School-College Alignment

On matters directly related to precollegiate education, the draft report calls for greater cooperation between K-12 school systems and higher education. It suggests that students are poorly prepared for college partly because high school courses “often lack rigor.”

The draft report recommends that states align their high school graduation standards with the demands of college work, and it encourages colleges to help schools improve the preparation of students for higher education, particularly among underserved populations.

One commission member, Kati Haycock, the director of the Education Trust, a Washington research and advocacy group for disadvantaged students, said she supported those proposals. But she noted that the so-called P-16 movement, which seeks greater alignment within education from the preschool level through college, has sufficient momentum even without the federal panel’s blessing.

“That train is moving pretty fast right now,” Ms. Haycock said. (“States Push to Align Policies From Pre-K to Postsecondary,” June 21, 2006.)

The report also briefly touches on K-12 teacher preparation, saying in a one-line recommendation that colleges of teacher education should be overhauled. Ms. Haycock called that an “embarrassingly pathetic recommendation.”

“We had not one conversation about teacher prep,” she said of the commission’s five public meetings since last year. “It’s a throwaway recommendation.”

Mr. Miller acknowledged that the commission had not spent much time discussing teacher education. But, he said, “higher education needs to take responsibility [for student learning] and not keep telling us it’s the K-12 problem. [Teacher preparation] is part of their responsibility.”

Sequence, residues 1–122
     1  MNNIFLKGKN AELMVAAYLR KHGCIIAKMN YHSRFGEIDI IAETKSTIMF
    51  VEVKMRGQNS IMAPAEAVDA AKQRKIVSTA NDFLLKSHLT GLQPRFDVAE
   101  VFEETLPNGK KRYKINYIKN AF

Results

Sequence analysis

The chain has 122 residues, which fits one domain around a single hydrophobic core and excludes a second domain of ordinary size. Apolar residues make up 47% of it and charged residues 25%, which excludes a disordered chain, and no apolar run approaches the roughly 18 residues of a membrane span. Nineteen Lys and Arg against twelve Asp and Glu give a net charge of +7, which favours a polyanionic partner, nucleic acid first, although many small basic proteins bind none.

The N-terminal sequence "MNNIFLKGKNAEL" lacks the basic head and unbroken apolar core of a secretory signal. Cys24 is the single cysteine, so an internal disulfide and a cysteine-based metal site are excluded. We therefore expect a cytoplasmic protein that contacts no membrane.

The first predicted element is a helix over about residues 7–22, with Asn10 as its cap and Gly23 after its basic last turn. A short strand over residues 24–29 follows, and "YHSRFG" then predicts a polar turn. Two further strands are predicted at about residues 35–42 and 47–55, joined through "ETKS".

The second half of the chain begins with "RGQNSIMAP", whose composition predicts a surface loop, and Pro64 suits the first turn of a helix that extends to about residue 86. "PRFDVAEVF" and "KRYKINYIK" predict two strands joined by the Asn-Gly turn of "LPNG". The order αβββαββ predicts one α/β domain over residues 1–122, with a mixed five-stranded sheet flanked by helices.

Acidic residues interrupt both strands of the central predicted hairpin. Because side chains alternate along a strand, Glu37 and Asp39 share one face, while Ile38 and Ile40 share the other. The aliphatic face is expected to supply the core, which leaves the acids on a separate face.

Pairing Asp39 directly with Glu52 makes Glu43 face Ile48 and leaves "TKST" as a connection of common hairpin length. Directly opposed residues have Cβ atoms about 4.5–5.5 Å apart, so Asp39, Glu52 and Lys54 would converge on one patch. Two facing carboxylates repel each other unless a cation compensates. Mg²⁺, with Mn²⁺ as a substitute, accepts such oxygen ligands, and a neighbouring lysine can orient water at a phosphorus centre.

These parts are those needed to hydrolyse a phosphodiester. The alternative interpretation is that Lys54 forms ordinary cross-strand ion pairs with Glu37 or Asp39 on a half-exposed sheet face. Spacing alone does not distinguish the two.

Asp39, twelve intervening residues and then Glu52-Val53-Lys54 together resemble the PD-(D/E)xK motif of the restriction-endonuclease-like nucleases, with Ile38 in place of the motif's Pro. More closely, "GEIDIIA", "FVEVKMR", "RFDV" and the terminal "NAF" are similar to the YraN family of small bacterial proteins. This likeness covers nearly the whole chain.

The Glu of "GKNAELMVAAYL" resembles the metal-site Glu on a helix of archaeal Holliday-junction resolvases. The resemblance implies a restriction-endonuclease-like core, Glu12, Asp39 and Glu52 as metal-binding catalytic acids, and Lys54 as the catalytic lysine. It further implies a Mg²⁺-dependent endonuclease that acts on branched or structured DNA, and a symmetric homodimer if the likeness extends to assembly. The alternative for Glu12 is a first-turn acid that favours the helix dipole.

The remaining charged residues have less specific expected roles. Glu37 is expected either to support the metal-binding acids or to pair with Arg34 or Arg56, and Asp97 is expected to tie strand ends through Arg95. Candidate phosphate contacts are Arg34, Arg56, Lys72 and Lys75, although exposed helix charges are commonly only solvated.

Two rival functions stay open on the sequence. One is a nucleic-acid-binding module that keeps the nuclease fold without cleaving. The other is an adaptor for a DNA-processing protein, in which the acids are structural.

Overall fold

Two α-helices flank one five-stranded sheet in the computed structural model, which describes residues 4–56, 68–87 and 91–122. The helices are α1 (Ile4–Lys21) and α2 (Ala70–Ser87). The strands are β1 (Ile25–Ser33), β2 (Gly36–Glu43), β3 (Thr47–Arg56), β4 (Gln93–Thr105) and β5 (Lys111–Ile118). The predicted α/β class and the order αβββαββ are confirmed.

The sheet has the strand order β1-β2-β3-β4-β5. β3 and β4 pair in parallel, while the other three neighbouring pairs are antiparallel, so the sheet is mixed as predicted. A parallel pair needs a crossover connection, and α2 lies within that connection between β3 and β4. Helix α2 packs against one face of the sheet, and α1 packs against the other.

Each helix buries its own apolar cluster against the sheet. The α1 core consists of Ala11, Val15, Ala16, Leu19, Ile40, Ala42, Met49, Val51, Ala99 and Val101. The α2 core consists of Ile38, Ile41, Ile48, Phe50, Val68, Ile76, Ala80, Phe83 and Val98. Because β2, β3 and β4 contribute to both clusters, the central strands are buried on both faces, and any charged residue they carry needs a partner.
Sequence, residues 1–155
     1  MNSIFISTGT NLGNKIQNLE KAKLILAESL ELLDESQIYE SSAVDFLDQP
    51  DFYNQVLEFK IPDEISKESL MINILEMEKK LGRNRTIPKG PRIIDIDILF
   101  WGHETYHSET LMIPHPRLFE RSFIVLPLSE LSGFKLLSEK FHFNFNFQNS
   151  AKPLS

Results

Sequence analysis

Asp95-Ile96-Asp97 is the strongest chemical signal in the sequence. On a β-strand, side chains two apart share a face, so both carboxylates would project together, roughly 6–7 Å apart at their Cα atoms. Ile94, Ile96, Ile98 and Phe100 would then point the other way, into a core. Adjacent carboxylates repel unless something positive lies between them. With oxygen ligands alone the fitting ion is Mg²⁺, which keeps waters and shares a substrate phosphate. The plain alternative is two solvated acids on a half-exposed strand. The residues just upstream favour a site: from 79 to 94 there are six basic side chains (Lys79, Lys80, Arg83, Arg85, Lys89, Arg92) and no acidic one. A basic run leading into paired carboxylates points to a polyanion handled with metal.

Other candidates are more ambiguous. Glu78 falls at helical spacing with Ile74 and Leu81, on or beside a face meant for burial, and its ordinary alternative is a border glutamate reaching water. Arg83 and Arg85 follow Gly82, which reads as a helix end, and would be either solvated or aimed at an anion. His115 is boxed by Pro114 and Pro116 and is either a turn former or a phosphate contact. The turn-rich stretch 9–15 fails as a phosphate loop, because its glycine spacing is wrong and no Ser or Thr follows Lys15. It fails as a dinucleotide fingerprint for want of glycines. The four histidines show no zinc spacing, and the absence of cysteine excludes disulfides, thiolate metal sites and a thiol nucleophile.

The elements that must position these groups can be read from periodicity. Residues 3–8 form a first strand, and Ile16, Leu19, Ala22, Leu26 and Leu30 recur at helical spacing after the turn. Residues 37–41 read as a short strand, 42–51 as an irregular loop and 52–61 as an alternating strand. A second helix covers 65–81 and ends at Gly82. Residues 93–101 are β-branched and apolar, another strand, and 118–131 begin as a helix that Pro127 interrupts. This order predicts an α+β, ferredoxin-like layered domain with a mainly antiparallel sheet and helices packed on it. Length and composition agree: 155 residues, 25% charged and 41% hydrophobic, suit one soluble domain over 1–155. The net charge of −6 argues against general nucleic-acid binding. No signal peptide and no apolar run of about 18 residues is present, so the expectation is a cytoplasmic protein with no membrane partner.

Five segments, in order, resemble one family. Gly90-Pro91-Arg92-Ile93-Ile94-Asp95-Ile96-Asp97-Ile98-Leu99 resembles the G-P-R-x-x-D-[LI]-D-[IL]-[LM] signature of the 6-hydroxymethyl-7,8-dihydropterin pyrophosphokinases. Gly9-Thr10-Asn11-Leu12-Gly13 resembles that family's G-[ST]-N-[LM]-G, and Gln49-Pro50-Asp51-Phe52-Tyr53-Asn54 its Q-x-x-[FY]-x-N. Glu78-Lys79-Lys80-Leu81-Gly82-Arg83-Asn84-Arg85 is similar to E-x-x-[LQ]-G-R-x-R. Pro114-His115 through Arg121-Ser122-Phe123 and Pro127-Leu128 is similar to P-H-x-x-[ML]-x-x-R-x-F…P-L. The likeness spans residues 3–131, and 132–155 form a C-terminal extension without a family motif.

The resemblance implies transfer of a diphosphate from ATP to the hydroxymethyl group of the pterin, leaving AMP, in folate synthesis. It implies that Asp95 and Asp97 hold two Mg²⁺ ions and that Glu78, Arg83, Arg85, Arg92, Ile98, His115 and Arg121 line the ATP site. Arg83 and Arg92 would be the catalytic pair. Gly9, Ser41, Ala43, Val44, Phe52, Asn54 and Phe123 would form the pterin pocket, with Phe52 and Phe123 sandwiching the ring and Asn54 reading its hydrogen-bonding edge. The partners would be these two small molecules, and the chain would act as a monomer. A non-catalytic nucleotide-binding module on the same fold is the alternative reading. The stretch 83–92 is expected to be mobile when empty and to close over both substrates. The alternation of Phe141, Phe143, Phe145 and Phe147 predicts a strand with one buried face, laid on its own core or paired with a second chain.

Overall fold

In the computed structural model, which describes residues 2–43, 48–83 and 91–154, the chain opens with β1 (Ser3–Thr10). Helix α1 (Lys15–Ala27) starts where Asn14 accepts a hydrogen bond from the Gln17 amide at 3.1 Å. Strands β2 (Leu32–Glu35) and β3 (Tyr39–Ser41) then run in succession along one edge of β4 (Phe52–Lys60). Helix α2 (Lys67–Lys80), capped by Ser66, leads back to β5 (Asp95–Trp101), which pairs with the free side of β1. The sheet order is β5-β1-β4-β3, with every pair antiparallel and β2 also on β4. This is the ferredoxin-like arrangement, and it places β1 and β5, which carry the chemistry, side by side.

A version of this article appeared in the July 12, 2006 edition of Education Week as Draft Federal Report Says Higher Education Is ‘Unduly Expensive’

Events

Classroom Technology Webinar How Pandemic Tech Is (and Is Not) Transforming K-12 Schools
The COVID-19 pandemic—and the resulting rise in virtual learning and big investments in digital learning tools— helped educators propel their technology skills to the next level. Teachers have become more adept at using learning management
This content is provided by our sponsor. It is not written by and does not necessarily reflect the views of Education Week's editorial staff.
Sponsor
Student Well-Being Webinar
Building Teacher Capacity for Social-Emotional Learning
Set goals that support adult well-being and social-emotional learning: register today!


Content provided by Panorama
Jobs October 2021 Virtual Career Fair for Teachers and K-12 Staff
Find teaching jobs and other jobs in K-12 education at the EdWeek Top School Jobs virtual career fair.

EdWeek Top School Jobs

Teacher Jobs
Search over ten thousand teaching jobs nationwide — elementary, middle, high school and more.
View Jobs
Principal Jobs
Find hundreds of jobs for principals, assistant principals, and other school leadership roles.